The financial stability of presses is increasingly uncertain, as demand for their traditional products declines and administrators’ appetites for subsidizing them diminish. (A concurrent trend is that getting a monograph published has become ever more challenging for young scholars and those in less mainstream fields.) The open access movement is raising questions about the traditional financial model of publishing, with some arguing that the proper price for university scholarship is zero. While many presses have been remarkably nimble in making do on a diet of modest subsidies, shoe-string budgets, and programs that painstakingly try to balance cost-recovery goals and scholarly value, those days may be numbered. Ten years from now, how many university presses will be able to compete for authors, or meet the expectations of consumers of scholarly information online, if they only continue doing what they are doing today? Very few, we expect.

C. Approach

This report is intended to be a commentary on the state of university publishing and a call to action. Because university presses historically played a large role in publishing research, especially in the humanities and social sciences, we have focused a considerable amount of attention on understanding where presses are now and what role they currently play in scholarly communications. We also found it useful to explore the factors that have in many cases hindered university presses from evolving in step with the changes in community life brought by information technology. Finally, we attempted to develop a view of what university publishing could look like in the future, taking into consideration the assets and skills that could be contributed by presses as well as other entities on campus, most notably libraries, individual faculty members, academic departments, cross-disciplinary initiatives, and new entities growing up alongside and across these established units.

We began with a set of beliefs and hypotheses based on our own experience and previous research efforts, and tested these through four months of research in late 2006 and early 2007. Our data-gathering approach was twofold: First, we distributed a survey to the directors of the American university presses. Among the 88 recipients of the survey from presses based at U.S. universities, 53 responded, for a completion rate of 60 percent.[15]

Second, we sought the in-depth perspectives of three important constituencies – provosts and presidents, directors of university presses, and directors of academic libraries – by conducting interviews in person and via telephone with representatives of each group. We selected our interviewees for diversity: they included representatives of institutions that have presses of various sizes, and some that do not have a press. At each institution we visited, we attempted to consult with the librarian, the director of the university press (if there was one), and the provost or president of the university, or other senior university administrators (such as graduate school deans or VPs for administration or research) to whom publishing operations sometimes report. For the most part we targeted leaders that are reputed to be forward thinking and creative (as opposed to representative of their peer group), so our findings are skewed towards a bold view of how quickly the world is changing. In these meetings we followed a general discussion guide (see Appendix D), but we also sought to have a dialogue in order to explore certain topics in greater depth and bounce ideas back and forth. A list of our interviewees is included as Appendix A.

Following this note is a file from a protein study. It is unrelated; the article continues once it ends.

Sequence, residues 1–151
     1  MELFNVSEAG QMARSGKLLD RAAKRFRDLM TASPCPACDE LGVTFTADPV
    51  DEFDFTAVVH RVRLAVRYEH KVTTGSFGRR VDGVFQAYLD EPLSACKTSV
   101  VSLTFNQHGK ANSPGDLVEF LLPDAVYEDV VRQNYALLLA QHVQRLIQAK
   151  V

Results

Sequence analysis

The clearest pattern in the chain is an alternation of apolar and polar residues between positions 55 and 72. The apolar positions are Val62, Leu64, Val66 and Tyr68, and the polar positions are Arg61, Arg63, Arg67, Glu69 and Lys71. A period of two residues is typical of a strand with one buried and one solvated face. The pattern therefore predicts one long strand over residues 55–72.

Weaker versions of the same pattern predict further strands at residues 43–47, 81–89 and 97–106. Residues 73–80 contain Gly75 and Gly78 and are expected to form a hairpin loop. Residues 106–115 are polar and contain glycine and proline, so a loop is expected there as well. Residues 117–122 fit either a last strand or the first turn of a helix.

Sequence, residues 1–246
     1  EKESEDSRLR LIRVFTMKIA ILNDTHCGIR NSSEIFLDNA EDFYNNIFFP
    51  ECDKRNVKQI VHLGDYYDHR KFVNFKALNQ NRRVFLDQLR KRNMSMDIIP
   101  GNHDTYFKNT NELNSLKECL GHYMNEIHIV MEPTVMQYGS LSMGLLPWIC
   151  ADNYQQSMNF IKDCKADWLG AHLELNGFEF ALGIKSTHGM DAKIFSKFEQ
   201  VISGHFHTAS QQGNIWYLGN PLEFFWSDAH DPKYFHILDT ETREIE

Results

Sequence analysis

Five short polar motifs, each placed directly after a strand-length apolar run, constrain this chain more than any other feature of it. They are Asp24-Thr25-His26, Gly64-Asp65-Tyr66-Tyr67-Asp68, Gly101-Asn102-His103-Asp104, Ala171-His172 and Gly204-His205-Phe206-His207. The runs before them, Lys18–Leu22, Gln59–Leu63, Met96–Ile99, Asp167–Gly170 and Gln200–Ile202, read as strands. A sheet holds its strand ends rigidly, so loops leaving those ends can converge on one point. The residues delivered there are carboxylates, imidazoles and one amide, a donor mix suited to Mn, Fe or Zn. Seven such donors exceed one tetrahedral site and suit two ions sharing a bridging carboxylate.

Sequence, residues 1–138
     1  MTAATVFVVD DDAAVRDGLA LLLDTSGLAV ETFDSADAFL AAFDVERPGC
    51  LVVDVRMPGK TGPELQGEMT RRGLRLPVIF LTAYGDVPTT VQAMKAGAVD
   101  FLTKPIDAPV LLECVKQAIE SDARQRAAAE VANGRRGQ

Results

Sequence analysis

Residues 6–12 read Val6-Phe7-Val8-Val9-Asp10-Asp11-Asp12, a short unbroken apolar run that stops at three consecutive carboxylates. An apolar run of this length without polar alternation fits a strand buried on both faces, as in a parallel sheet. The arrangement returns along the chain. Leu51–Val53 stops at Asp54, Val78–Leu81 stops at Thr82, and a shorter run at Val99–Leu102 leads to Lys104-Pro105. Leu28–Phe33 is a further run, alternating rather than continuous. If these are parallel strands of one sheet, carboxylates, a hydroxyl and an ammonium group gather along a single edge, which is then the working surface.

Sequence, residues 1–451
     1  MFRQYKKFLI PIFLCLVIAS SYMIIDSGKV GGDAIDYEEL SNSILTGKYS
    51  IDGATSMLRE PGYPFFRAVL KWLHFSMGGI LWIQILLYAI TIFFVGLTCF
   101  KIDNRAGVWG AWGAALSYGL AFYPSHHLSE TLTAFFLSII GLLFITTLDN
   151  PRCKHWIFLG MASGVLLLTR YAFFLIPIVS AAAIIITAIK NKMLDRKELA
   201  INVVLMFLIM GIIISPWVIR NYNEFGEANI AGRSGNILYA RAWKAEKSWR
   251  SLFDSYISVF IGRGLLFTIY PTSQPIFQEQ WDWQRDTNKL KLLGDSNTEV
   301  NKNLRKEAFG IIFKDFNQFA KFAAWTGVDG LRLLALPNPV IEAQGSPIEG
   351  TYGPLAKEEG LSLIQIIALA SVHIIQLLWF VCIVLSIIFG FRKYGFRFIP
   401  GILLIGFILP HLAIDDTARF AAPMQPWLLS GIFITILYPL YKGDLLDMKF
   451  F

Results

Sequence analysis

It is worth noting that we did not interview faculty specifically as part of this exercise. We have, however, gathered an extensive body of data about faculty needs and behavior through previous work at Ithaka. For example, we have conducted three surveys of faculty in 2000, 2003, and 2006, which provided us with an understanding of how faculty usage of online resources has changed over time.[16] We also conducted studies of scholarly communications practices in economics, history and biological sciences, each of which involved in-depth interviews with 15-20 faculty and graduate students.[17] This past work has helped to inform our current views and hypotheses about the perspectives on publishing from scholars themselves.

Through our research activities we refined our starting hypotheses and developed new ones. Some of what we heard was unexpected to us, particularly the strength of some of the criticisms we heard about university presses, and the optimism expressed by academic libraries. In this paper we have aimed to provide a balanced report of what we heard, taking into account the extent to which our interviewees are representative of their functional peer groups. We do not wish to portray too gloomy a picture of the current state of university publishing, as we see many promising activities and excellent people engaged in this enterprise, but we also do not wish to downplay the more critical opinions we heard. Our aim is to provide an accurate diagnosis of what we see happening and to focus on the future: what should happen to address the publishing needs of faculty and students in the next five to ten years, and how the various constituents involved can create new structures and programs to meet those needs.

II. What The World Looks Like Today And Where It Is Headed

A. The future of scholarly communications

In this section we will provide a description of what the world of university publishing looks like today and where it appears to be heading. These views are largely drawn from our research and have been refined through feedback from a group of people asked to comment on initial drafts of this report. We try to summarize consensus views and recount noteworthy statements from our interviewees. We will also try to note cases where the views of our interviewees may not be representative of their peer group.